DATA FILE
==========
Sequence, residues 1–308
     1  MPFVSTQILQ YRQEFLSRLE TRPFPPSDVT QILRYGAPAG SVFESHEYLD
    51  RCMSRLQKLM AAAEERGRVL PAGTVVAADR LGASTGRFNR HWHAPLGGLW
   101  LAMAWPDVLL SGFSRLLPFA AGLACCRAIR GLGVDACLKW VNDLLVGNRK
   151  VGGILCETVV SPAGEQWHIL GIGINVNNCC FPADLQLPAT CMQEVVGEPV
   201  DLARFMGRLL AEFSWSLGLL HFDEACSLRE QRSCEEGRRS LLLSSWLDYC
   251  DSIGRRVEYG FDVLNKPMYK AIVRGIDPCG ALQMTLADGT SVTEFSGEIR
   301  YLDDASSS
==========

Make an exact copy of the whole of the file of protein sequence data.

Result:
Sequence, residues 1–308
     1  MPFVSTQILQ YRQEFLSRLE TRPFPPSDVT QILRYGAPAG SVFESHEYLD
    51  RCMSRLQKLM AAAEERGRVL PAGTVVAADR LGASTGRFNR HWHAPLGGLW
   101  LAMAWPDVLL SGFSRLLPFA AGLACCRAIR GLGVDACLKW VNDLLVGNRK
   151  VGGILCETVV SPAGEQWHIL GIGINVNNCC FPADLQLPAT CMQEVVGEPV
   201  DLARFMGRLL AEFSWSLGLL HFDEACSLRE QRSCEEGRRS LLLSSWLDYC
   251  DSIGRRVEYG FDVLNKPMYK AIVRGIDPCG ALQMTLADGT SVTEFSGEIR
   301  YLDDASSS